New Brunswick

Man convicted in 1987 Moncton murder of teenage girl is unlawfully at large

Mailloux shot and killed 16-year-old Laura Davis when she was working at her family's convenience store in Moncton.

Mailloux convicted of murdering 16-year-old Laura Davis in 1987

Patrice Mailloux leaves a New Brunswick court at the time of his trial for the 1987 killing of Laura Davis in Moncton. (CBC)

Patrice Mailloux, the man convicted of killing a Moncton teenager in 1987, has been unlawfully at large since Sept.1, according to Correctional Service Canada.

Mailloux, now 67, shot and killed 16-year-old Laura Davis when she was working at her family's convenience store on St. George Street.

He was first granted day parole in 2016, which was renewed most recently in April 2022, according to a Parole Board of Canada decision. The decision says he must return to the halfway house in Quebec where he's been living two days of the week.

Brenda Davis, Laura's sister, said she has been anxious and afraid since she got the call that Mailloux couldn't be located.

"I was mad, I was upset, at the same time I was thankful that my father wasn't alive because it would have killed him," she said in an interview Tuesday. "I'm scared. I'm scared of him being out there. I'm scared for us. I'm scared for anyone that might cross his path."

Victim's family kept track

Davis has attended all but one parole hearing since Mailloux was convicted, including the ones that take place every six months to renew his day parole. 

"I go to be a voice for my sister and, really, for everyone else who's ever lost someone from murder, to keep people behind bars," she said.

Esme Bailey, spokesperson for Correctional Service Canada, said the department can't "disclose specifics of an offender's case," but confirmed Mailloux has been unlawfully at large.

She said in general, a person's parole is suspended for the following reasons: they breach parole conditions, to prevent them from breaching condition or for "public safety."

Once parole is suspended, the department would issue a warrant to arrest the offender, and until they're arrested, they're considered unlawfully at large.

"We work closely with police to ensure they have all available information to execute a warrant and return an offender to CSC custody," she wrote in an emailed statement.

Conditions for Mailloux's day parole prohibit him from consuming alcohol or drugs, gambling, contacting certain people, including the victim's family, and entering the province of New Brunswick.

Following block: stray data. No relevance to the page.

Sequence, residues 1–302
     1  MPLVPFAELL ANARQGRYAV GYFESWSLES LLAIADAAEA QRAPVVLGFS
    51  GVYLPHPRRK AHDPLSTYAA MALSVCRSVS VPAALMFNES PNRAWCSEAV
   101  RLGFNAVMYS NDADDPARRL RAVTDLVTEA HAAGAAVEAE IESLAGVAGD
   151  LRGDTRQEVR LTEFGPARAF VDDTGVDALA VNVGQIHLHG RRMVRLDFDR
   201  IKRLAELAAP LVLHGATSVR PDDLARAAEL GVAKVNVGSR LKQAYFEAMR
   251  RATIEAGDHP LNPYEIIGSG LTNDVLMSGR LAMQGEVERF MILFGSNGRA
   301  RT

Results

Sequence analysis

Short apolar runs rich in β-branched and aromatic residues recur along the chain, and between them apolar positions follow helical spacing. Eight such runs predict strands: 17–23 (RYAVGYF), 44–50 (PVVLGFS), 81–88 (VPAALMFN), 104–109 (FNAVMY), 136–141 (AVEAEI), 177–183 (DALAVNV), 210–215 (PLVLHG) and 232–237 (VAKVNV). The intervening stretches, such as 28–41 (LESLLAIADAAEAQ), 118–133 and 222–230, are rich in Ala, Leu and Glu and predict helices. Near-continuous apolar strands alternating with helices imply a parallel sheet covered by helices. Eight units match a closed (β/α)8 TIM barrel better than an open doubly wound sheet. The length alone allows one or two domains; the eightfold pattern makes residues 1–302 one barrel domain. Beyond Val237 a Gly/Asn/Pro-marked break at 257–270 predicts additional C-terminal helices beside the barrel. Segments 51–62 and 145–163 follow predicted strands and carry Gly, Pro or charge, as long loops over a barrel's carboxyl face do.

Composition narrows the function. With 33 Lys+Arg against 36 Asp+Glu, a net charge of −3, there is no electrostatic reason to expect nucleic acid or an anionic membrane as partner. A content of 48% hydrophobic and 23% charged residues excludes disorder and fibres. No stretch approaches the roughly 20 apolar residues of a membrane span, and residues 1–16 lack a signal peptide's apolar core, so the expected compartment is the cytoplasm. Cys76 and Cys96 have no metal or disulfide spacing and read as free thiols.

Attempted a prison break in 1993

This is not the first time Mailloux has been unlawfully at large.

The parole board's most recent decision to renew his day parole includes a recap of his criminal history.

He was first sentenced to four years and 10 months in 1978 for theft and assault.

In 1987, he shot and killed Laura Davis while "heavily intoxicated by alcohol, drugs and medication" and trying to rob the store.

In 1993, he attempted to escape from prison with two fellow inmates. He confined a staff member while an accomplice put a knife to their throat and caused a wound, the parole decision says.

Mailloux was convicted of forcible confinement, assault with a weapon and attempted prison breach.

The parole board said that in the following 20 or so years, Mailloux showed "remorse," and "empathy for the victims."

His caseworkers told the parole board he "never stopped trying to make progress" and achieve his goals.

"After having experienced ups and downs during your many years of incarceration, you are now progressing in a positive way in the community," the board wrote.

The board also concluded that Mailloux is at "low risk for short-term violent reoffending."

Brenda was 3½ years younger than her late sister Laura, and says they were friends as well as siblings. She remembers her sister often, she said.

"As much as I was her pesky little sister who wanted to be with her everywhere, she did let me do a lot of stuff with her."

She said now she's waiting for answers about why Mailloux was able to leave custody, and why he's not been found.


Hadeel Ibrahim is a reporter with CBC New Brunswick based in Saint John. She reports in English and Arabic. Email: